The horrible luck of Ryan Braun

Luck is a part of baseball. It’s also the reason we have sabermetric statistics like Fielding Independent Pitching, Skill-Interactive Earned Run Average and Batting Average on Balls In Play. We have those to try and strip away the luck, or in BABIP’s case, to see how much luck is involved. We need these stats in order to get a better feel of a player’s true performance. Earned Run Average does by no means accomplish this. Same with batting average. (But you already know this, right?) We just can’t use old-school stats and act like they’re perfect. That’s being lazy. Sabermetrics isn’t perfect either, but it’s a lot closer to the right side than the wrong side.

Whether you like it or not, luck can contribute to a player’s great or poor performance. And that brings us to Ryan Braun.

In 2014, Ryan Braun posted career lows in hard- and medium-hit percentages while his soft-hit percentage was the highest it has been since 2011. In layman’s terms, Braun hit the ball “hard”, as categorized by Baseball Info Solutions, with less frequency than ever before. That’s why it’s not really an astonishment when you look at his numbers from that year. They were down across the board, highlighted by his .226 batting average and .299 wOBA in the second half. You can blame it on the performance-enhancing drugs (although you’d be wrong) or you can fault his faulty non-working thumb, but you can’t blame it on bad luck, not when looking at his quality of contact.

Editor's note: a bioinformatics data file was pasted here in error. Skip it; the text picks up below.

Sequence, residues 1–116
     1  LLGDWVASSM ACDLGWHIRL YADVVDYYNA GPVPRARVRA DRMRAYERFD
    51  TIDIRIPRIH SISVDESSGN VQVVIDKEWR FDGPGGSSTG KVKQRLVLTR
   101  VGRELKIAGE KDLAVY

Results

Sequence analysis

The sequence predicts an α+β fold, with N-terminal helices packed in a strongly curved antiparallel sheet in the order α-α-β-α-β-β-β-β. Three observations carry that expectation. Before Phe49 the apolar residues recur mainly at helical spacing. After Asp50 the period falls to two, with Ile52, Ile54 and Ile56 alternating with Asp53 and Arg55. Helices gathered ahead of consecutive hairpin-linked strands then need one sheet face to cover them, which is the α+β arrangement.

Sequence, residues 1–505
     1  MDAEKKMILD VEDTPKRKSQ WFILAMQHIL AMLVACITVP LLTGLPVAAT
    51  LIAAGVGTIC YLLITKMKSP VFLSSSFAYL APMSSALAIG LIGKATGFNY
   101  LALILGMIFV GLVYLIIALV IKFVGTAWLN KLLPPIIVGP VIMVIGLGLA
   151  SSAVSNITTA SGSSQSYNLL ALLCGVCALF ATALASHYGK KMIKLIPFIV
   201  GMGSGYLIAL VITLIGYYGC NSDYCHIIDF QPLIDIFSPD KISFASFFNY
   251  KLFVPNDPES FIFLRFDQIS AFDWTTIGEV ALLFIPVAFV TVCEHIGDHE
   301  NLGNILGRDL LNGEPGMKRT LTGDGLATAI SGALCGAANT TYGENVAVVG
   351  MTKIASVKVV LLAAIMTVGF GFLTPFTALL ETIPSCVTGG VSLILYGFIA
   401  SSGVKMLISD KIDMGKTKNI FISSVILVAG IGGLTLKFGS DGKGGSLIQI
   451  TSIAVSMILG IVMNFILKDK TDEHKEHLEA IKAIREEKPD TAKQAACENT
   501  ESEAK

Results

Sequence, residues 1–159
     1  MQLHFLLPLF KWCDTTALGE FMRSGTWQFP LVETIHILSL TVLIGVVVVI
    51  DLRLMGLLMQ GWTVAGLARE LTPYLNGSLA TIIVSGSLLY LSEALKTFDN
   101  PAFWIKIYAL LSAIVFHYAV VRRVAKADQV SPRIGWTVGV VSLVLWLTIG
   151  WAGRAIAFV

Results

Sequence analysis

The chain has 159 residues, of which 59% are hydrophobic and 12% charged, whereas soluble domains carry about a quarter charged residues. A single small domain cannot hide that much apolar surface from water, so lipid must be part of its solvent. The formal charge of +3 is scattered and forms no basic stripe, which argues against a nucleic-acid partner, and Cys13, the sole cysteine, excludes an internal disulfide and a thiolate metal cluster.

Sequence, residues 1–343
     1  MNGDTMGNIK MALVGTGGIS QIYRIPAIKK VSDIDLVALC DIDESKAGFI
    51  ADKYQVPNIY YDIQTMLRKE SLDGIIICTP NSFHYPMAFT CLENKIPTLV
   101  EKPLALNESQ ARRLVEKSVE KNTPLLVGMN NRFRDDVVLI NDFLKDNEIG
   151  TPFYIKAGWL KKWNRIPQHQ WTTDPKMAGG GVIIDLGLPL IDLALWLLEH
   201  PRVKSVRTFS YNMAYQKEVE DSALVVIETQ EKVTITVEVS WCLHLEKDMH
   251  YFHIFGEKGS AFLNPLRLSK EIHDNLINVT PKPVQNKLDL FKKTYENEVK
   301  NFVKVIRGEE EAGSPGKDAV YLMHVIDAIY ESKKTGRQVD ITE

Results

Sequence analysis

But Braun’s back, and so his is power. It’s just like I predicted. He has 10 home runs, an ISO of .241 and 123 wRC+. He’s back to the player baseball fans are accustomed to seeing, yet, despite the incredible spike in numbers, he’s been the victim of some downright horrendous luck in 2015.

Let’s investigate by looking at his quality of contact and his batting average on balls in play.

  • 14th. That’s where Braun ranks out of 175 qualified hitters in hard-hit rate with a percentage of 40%.
  • 133rd. That’s where Braun ranks out of 175 qualified hitters in BABIP with a .268 mark.

The hits just aren’t falling for Milwaukee’s right fielder. He’s crushing the ball, but very few are finding holes or gaps; he has just three extra-base hits (not including HRs). His BABIP is so low, that Johnny Giavotella is laughing at him. The fact you don’t even know who that is says everything.

What’s even more surprising is Braun’s career hard-hit rate and BABIP numbers. In parts of nine major league seasons, Braun has hit the ball hard 36.2% of the time, and owns a .334 batting average on balls in play. Bad luck is essentially kicking Braun’s ass this year.

It’s a good thing the MLB season is 162 games, and it’s a good a little thing called “regression to the mean” exists. In all likelihood, Braun’s BABIP will start rising faster than Harold Reynold’s disapproval ratings. There’s just no way Braun can continue to hit the ball as hard as he is without getting results.

Ryan Braun is hitting well right now. Just imagine how he’ll do when luck decides to stop torturing him.



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